I think one of the most amazing things was his submission defense against the americana that Mark Hunt had him in. His technique is very proficient and he controls the fight from start to finish.

The other thing with Fedor is I think he has incredible natural talent, he would be good to have in a fight even if he did not know any martial arts!

четверг, 16 июля 2009 г.

ADCC invited list update

A few other names have been added to the ADCC list. I have to say, the list of fighters this year is incredible.

-65.9kg
Leo Viera - 2003 and 2005 ADCC Champion in under 66kg and world-renowned brazilian jiu jitsu practitioner


-76.9kg
Georges St Pierre - Current Welterweight UFC Champion and ranked out of the best pound-for-pound MMA fighters in the world by many sources.


-87.9kg
Nate Marquardt - seven-time middleweight King of Pancrase Champion


-98.9kg
Dean Lister - former King of the Cage Champion and 2003 ADCC Absolute Champion. 2x national US Sambo Champion, 4x Machado National US BJJ Champion, National US Gracie BJJ Champion.


+99kg
Jon Olav Einemo - 2003 ADCC Champion in the 88-98kg weight class and the only fighter to ever defeat Roger Gracie in ADCC

Please see source here

Tickets will be available on the Internet soon for those hoping to attend. They are going to announce where you can buy them on the ADCC website and since I am also planning to attend, I will post the information as soon as it become available!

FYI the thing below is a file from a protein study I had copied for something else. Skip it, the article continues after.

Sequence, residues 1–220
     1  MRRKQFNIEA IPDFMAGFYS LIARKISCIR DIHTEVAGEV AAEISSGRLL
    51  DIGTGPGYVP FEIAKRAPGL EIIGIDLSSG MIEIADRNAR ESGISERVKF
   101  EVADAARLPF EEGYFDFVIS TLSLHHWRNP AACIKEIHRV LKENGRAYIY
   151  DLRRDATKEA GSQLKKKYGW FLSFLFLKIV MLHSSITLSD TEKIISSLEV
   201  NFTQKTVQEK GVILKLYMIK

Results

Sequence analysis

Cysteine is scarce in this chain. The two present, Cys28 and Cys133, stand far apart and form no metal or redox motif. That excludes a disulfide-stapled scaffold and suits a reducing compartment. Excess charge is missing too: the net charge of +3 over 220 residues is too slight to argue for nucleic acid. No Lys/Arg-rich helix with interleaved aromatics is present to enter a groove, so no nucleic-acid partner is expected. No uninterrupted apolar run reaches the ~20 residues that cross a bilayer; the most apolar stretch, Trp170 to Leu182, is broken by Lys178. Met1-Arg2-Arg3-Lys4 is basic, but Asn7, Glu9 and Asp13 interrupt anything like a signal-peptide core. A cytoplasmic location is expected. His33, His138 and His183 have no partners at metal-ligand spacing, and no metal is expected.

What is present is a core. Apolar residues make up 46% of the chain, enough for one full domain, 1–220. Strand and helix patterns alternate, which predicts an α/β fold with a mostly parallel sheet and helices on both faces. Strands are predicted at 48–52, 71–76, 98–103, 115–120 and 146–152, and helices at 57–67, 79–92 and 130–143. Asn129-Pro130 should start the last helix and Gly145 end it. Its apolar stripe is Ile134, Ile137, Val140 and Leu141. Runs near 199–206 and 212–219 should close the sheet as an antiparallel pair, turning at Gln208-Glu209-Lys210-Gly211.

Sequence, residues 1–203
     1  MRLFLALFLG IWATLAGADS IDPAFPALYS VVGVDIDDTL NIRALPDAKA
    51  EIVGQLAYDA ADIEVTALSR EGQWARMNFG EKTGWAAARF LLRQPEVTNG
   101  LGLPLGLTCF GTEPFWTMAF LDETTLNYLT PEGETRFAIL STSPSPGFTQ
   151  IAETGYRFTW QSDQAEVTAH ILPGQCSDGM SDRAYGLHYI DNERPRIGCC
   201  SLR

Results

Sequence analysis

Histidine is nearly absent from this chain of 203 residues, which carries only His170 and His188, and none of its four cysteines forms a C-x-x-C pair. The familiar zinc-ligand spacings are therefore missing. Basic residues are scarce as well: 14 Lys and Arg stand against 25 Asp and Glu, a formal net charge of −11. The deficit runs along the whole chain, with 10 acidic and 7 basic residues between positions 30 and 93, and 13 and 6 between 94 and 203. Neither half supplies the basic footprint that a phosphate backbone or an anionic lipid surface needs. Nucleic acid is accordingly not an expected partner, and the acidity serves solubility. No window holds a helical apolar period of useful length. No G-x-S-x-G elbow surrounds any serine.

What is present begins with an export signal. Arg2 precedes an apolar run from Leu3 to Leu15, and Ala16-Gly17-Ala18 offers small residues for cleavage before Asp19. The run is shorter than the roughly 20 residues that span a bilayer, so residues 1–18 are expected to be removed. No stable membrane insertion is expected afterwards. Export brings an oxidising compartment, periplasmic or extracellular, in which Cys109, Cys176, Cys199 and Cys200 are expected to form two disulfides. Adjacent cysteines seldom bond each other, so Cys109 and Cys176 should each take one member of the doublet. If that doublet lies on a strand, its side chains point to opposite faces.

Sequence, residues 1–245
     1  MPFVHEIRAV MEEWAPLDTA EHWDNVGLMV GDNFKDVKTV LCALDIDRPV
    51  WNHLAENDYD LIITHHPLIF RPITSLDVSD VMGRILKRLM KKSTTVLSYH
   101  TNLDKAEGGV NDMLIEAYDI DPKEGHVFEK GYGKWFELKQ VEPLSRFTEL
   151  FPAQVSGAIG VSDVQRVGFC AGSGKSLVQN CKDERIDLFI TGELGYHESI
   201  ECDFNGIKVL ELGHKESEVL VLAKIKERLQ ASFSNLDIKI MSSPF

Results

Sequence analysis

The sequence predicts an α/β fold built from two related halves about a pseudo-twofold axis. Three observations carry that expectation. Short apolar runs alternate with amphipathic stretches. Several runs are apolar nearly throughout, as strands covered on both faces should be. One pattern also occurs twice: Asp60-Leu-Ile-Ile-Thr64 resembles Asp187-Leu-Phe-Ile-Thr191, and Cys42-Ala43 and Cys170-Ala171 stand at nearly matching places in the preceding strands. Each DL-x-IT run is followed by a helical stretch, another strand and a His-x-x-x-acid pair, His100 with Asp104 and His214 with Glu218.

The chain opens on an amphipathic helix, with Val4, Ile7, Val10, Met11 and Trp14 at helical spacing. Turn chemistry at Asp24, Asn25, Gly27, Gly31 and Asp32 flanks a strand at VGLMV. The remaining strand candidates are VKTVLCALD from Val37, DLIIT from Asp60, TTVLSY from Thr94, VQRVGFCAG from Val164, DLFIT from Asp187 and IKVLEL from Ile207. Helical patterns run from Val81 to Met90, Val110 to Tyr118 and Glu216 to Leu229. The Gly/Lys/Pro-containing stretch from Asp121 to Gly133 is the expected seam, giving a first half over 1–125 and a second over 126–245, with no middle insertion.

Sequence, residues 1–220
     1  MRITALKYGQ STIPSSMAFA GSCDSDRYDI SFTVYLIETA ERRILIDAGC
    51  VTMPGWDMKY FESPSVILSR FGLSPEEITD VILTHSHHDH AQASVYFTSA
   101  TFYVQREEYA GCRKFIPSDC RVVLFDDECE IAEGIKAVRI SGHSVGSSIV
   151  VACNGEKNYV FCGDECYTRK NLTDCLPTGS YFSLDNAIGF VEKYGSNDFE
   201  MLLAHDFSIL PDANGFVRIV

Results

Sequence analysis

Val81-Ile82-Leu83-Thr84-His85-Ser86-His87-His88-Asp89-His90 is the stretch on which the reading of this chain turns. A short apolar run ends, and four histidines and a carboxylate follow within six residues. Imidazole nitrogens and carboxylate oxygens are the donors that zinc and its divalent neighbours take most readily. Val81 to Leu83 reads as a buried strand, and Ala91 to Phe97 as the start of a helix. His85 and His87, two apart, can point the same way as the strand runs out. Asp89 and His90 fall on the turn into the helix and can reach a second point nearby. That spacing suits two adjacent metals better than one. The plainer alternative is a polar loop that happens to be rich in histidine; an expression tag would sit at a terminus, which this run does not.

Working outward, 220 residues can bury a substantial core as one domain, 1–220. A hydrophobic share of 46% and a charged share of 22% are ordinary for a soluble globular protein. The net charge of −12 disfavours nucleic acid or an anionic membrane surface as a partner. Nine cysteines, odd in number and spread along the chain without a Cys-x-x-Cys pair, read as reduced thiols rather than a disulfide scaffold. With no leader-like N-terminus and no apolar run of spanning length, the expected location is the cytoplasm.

понедельник, 13 июля 2009 г.

Lesnar wins UFC Heavyweight Championship Belt

Watched UFC 100 this weekend. Great card and I really enjoyed every fight. Dan Henderson was particularly impressive with his stand-up while GSP was just great all-round. (definitely should fight Anderson Silva)

now turning to Brock Lesnar vs Frank Mir:

The Brock Lesnar win was a huge disappointment for me. Frank Mir was simply man-handled the whole fight except for a few good punches he landed on Lesnar in round 1 before getting taken down again. Brock dominated (and well done to him) and Frank got himself into a position where he did not want to be. Lesnar got him in his favourite half-guard and carefully started pounding on him as was expected. Frank got himself in that position and could not get out. This was basically expected and it came to me as a surprise that Mir was not better prepared.